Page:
The Hot vs. Cold Debate: Finding Your Ideal Sleep Temperature

The Hot Cold Debate Kate Moss

Written by Emily Barasch

            Is feeling a touch chilly more conducive to good sleep than a tad warm?—this is an age-old question debated by sleep experts to temperature-preference-differing couples to medical researchers interested in weight loss. And the answer: It’s not so simple.

            Common wisdom has it that being slightly cold is preferable. The American Academy of Sleep Medicine, for one, recommends envisioning your bedroom as a cave: silent, lights off, and cold. Research has further shown that a dip in your body’s core temperature triggers a sleep ready message.

Those with chronic difficulty falling asleep are said to have higher-than-normal activity in their frontal lobe, the part of the brain responsible for planning, organizing, and logical reasoning, which causes the head to remain heated. So it’s no surprise many insomniacs have even discovered the virtues of wearing a cooling cap to bed.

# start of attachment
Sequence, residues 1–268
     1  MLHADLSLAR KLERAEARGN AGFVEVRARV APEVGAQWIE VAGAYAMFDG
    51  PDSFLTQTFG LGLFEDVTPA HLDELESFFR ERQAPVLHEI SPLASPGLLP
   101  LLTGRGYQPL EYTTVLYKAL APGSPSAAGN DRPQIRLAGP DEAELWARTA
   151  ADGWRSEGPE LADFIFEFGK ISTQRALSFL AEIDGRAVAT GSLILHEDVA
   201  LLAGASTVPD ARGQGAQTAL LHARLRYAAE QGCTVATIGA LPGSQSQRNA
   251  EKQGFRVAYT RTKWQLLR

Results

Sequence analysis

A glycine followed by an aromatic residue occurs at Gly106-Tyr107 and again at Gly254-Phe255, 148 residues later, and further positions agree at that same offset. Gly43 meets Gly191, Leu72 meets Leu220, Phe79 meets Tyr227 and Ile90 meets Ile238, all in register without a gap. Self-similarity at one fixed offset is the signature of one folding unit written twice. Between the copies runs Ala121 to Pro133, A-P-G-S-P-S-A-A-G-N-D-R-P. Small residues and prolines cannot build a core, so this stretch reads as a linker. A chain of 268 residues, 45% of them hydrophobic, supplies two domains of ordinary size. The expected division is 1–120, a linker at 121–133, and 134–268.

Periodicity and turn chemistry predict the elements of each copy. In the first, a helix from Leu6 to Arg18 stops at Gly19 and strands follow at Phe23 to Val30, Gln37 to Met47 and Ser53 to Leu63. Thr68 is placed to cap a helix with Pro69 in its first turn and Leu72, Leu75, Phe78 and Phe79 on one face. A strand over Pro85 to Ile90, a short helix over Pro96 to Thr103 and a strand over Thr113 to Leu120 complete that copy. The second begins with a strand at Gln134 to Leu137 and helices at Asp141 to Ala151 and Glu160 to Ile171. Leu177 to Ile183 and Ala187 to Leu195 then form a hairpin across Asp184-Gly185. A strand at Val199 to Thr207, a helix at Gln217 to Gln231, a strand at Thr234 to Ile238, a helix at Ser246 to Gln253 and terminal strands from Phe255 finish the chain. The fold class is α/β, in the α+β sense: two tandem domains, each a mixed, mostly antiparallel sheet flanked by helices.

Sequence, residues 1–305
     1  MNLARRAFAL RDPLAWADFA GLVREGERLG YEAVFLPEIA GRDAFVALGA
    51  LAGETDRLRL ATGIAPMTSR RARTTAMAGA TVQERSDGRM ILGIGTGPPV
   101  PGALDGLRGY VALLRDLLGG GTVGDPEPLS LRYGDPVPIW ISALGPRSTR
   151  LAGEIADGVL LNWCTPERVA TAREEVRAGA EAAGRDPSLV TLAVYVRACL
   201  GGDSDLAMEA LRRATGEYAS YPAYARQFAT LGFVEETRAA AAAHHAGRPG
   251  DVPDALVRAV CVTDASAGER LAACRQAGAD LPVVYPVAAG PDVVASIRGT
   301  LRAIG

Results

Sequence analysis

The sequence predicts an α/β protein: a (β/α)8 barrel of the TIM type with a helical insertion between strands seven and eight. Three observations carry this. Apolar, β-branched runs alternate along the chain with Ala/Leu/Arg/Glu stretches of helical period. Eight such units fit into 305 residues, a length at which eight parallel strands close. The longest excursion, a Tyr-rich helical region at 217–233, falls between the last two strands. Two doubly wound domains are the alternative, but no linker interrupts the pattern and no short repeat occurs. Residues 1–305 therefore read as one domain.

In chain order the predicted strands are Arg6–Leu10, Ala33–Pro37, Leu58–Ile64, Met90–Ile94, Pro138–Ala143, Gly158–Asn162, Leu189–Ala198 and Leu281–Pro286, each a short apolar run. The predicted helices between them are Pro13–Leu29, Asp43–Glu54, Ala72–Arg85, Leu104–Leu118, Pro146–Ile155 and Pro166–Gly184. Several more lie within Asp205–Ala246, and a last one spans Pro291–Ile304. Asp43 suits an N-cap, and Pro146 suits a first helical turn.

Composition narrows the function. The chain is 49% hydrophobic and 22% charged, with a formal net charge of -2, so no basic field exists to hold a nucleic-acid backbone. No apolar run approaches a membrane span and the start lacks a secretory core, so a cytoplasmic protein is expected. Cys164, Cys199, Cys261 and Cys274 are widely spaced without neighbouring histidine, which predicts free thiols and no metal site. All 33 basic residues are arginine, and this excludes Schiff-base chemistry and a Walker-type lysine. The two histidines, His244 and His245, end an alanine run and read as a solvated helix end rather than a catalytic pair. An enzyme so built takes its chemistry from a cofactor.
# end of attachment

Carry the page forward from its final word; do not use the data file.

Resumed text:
And with recent studies have shown that sleeping in the cold—around 66 degrees—can have calorie-burning and metabolism-boosting effects, it seems pretty obvious to turn those thermostats down. Yet if it’s too cold, it can have a real impact on staying asleep, a problem often just as bothersome as not being able to falling asleep. Otherwise put, if you’re shivering while asleep, your rest won’t exactly be fitful or long.

Professor of biology at Stanford University, H. Craig Heller takes an approach so obvious, it almost sounds novel: Set a temperature that works tailor-made to your comfort level. He believes being as comfortable as possible positively impacts the quality of REM sleep—our deepest, dreamiest sleep.

The bottom line: Keep your head a little cool and your body a little warmer—might we suggest some pajamas to help?